Within the fashion industry, Khadi was treated like an anomaly. It was like the drunk, inappropriate uncle at every family do. Many designers would find Khadi not so fashionable and consumers in turn found Khadi products dated. Till it got the rehab treatment, coming out all new and cured.
It can be incorporated into your wardrobe easily. One does not have to be gift-wrapped head to toe in Khadi to legitimize its usage. Sticking to basics is a good idea. We enjoy the tradition of buying fabric and taking it to our friendly neighbourhood tailor to get a bespoke article of clothing made. Buying cotton or silk Khadi and getting it tailored assures a good fit.
A well-fitted shirt with tailored wool-blend Khadi trousers is a great pairing and shows off the weave’s versatility. Find a silk-blended khaddar wrap or scarf to layer upon an existing dress. A well-constructed, wool-blended, coarse jacket in Khadi is reminiscent of Chanel’s classic jackets. Worldwide, native influences are influencing accessory and product design. Aztec-inspired prints on backpacks, Navajo-centric table linen and Ottoman era-inspired, well what else, but ottomans! The same thing is achievable with Khadi.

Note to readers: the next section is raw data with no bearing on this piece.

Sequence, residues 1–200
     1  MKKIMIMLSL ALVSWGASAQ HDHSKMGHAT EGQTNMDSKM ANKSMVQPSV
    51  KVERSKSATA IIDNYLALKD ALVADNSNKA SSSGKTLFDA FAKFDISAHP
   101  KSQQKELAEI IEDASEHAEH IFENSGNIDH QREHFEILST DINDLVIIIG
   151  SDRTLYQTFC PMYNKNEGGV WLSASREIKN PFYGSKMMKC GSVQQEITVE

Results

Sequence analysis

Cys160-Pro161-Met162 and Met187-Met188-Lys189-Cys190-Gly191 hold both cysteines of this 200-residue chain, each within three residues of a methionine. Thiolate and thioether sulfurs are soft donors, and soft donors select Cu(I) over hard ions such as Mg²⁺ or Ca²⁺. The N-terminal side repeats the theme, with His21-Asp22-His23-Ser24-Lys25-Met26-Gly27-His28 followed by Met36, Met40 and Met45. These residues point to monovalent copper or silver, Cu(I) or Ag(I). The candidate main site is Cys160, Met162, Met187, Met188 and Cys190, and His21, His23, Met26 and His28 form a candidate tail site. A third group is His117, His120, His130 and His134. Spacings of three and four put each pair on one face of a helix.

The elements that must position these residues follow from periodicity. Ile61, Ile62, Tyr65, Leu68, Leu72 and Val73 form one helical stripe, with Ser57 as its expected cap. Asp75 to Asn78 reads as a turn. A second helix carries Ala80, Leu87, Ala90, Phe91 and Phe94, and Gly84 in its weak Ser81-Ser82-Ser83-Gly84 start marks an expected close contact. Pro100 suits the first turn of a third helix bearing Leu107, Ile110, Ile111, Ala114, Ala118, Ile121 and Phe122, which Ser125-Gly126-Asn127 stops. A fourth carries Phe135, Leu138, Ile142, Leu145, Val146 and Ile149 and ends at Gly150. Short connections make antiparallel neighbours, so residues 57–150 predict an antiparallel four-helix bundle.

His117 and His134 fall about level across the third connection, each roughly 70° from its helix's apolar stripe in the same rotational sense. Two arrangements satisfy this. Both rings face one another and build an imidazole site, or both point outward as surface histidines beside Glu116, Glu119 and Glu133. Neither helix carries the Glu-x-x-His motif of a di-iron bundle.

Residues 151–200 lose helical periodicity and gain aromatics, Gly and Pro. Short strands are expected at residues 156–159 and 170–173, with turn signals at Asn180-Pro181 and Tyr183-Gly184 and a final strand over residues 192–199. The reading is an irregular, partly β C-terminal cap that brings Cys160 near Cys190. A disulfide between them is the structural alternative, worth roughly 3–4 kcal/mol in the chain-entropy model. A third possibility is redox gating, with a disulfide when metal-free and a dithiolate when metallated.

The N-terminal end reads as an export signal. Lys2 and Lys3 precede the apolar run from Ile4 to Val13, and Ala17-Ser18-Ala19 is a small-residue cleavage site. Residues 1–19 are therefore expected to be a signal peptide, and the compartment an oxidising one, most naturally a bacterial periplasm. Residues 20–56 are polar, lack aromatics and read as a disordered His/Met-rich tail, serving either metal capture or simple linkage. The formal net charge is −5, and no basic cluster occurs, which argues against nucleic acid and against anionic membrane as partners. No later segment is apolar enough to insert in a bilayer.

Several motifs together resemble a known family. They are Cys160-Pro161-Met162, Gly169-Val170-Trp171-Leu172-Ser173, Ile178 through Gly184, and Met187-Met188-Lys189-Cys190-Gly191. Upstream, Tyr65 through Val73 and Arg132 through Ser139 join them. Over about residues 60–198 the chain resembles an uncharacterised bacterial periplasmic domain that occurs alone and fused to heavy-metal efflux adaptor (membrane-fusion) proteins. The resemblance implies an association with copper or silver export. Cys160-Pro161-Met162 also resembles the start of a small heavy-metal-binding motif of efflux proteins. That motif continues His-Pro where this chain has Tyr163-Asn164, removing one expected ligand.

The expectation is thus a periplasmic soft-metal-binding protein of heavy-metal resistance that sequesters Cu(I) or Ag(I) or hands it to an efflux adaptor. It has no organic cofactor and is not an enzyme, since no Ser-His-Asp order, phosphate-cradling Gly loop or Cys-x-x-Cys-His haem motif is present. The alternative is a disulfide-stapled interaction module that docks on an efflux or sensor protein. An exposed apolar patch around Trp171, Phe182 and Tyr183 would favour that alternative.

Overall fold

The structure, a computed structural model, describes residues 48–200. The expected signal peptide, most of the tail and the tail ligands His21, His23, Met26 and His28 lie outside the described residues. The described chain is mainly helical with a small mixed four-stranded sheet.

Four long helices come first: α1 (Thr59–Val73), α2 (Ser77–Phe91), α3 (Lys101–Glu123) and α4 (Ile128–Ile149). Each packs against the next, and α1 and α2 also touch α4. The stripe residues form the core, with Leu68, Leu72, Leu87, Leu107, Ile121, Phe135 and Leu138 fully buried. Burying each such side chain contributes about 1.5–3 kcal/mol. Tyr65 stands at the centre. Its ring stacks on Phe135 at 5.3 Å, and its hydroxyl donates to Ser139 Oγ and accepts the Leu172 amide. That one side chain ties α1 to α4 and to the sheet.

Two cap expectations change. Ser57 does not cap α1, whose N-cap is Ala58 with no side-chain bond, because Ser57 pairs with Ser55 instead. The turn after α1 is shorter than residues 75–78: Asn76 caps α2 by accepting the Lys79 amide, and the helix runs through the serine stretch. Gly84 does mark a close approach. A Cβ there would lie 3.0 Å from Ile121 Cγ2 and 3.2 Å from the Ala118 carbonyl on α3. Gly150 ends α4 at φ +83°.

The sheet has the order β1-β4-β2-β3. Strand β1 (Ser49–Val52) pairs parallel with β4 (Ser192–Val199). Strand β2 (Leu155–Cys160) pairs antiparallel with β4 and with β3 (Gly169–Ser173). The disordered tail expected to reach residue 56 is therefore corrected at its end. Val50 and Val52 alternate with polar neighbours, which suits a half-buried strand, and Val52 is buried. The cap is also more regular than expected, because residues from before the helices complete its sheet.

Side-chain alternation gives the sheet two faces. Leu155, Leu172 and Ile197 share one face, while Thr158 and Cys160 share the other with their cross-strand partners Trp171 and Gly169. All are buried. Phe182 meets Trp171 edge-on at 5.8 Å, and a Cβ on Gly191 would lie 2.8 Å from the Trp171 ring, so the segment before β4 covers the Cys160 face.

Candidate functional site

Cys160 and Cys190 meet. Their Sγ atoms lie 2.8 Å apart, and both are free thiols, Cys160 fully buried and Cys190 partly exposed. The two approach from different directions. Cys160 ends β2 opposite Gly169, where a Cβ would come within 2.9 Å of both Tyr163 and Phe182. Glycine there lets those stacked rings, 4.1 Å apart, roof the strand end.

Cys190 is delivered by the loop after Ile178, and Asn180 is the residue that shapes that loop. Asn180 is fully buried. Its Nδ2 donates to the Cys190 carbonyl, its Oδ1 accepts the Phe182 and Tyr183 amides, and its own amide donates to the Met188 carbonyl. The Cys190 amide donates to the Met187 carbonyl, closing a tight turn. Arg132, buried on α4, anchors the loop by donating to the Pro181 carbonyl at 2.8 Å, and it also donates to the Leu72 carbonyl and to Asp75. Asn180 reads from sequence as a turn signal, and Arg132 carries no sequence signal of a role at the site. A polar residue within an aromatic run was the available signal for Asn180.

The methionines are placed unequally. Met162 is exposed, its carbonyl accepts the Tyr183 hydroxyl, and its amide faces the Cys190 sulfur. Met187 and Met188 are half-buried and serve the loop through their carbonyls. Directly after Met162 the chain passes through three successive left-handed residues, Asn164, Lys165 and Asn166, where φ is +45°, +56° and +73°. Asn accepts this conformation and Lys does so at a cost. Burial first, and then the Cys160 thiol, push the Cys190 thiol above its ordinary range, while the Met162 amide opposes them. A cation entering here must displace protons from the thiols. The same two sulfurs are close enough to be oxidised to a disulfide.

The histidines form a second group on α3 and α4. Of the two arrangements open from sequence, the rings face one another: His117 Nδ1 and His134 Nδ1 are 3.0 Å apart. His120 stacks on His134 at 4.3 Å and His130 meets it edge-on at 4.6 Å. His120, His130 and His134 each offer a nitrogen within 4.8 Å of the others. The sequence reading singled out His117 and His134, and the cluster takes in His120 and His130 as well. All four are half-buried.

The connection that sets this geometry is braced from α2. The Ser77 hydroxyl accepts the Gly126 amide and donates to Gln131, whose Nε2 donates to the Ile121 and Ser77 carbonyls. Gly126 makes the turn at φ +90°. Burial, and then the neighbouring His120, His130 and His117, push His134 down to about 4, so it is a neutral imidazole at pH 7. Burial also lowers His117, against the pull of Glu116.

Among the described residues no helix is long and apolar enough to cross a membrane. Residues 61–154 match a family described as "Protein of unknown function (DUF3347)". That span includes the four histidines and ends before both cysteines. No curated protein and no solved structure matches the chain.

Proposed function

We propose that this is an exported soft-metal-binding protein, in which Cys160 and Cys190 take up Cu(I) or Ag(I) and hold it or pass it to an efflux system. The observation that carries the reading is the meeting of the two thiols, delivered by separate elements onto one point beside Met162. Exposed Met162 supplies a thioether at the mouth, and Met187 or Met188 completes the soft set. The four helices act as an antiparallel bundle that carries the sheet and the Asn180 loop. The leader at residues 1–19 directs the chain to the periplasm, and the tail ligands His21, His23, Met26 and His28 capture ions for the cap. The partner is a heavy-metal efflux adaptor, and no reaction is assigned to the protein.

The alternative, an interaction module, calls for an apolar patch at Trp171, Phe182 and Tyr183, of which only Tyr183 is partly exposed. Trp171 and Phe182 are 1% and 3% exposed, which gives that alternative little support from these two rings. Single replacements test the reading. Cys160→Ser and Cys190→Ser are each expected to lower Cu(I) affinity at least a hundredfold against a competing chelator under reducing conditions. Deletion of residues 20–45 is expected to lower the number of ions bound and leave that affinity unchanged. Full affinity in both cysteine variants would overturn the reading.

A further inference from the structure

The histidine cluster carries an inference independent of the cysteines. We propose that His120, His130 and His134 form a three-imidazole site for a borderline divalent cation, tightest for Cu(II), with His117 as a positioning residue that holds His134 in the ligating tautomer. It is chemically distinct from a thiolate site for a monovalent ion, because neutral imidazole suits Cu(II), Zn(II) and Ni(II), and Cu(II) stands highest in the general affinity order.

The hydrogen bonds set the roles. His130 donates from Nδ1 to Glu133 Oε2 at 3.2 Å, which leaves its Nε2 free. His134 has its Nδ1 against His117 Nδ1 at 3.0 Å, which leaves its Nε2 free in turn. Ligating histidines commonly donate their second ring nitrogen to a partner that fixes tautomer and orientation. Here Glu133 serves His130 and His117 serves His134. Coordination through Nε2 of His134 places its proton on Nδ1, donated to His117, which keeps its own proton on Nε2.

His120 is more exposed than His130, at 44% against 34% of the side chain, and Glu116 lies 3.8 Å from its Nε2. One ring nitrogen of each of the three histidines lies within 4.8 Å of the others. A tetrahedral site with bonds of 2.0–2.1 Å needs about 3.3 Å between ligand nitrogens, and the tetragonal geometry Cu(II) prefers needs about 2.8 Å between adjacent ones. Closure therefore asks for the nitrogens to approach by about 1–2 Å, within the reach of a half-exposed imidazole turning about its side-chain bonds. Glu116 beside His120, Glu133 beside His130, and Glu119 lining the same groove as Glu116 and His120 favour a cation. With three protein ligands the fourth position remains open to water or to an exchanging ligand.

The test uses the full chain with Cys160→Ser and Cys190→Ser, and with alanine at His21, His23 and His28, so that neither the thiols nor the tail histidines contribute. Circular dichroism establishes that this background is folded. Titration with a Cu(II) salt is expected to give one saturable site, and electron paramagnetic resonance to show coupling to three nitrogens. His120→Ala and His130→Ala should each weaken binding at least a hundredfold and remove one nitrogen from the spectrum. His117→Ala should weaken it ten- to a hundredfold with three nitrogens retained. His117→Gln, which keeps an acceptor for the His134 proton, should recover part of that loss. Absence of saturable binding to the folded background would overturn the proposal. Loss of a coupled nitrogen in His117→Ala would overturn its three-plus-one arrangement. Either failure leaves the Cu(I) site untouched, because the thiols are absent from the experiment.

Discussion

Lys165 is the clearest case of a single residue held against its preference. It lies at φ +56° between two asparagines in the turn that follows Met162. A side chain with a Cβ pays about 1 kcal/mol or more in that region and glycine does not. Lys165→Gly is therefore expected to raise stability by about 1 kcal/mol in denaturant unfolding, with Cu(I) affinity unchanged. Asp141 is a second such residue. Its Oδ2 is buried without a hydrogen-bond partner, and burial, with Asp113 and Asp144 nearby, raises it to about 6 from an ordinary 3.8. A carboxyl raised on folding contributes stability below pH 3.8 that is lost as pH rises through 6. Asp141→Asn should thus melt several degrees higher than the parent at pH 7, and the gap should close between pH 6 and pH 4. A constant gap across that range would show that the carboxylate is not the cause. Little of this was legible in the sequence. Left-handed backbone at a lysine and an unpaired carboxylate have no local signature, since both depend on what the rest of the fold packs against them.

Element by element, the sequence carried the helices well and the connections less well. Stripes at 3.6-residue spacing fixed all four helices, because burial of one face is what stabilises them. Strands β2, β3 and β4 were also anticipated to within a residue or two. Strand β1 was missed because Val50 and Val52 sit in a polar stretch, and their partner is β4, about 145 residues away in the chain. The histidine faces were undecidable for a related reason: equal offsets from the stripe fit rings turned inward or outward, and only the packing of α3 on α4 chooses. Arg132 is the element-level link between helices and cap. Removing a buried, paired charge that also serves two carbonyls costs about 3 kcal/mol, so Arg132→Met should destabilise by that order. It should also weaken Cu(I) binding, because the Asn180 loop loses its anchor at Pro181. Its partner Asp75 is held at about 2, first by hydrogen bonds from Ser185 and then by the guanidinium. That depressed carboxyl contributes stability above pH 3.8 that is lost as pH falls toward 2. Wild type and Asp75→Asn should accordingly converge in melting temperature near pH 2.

Khadi fits in beautifully with people who enjoy elements of grunge in their wardrobes. The fabric crushes easily and ages really well. The more you wash it the better it looks and feels. Khadi that is woven to specifications turns out to be more expensive than mill-produced cotton. That pushes up its “snob” value as a fashion and utilitarian fabric. I’ve personally used screen-printed khaddar as a designer and it turns out great! We either use the fabric in its basic form or make an honest effort to contemporize it.
I guess what makes people shy away from this hand-spun fabric is the burden it carries—from being a political tool to a way of life to being used as a political tool again. But actually Khadi needs to be perceived, worn and treated as we would any other fabric.
The writer is a Kolkata-based fashion designer.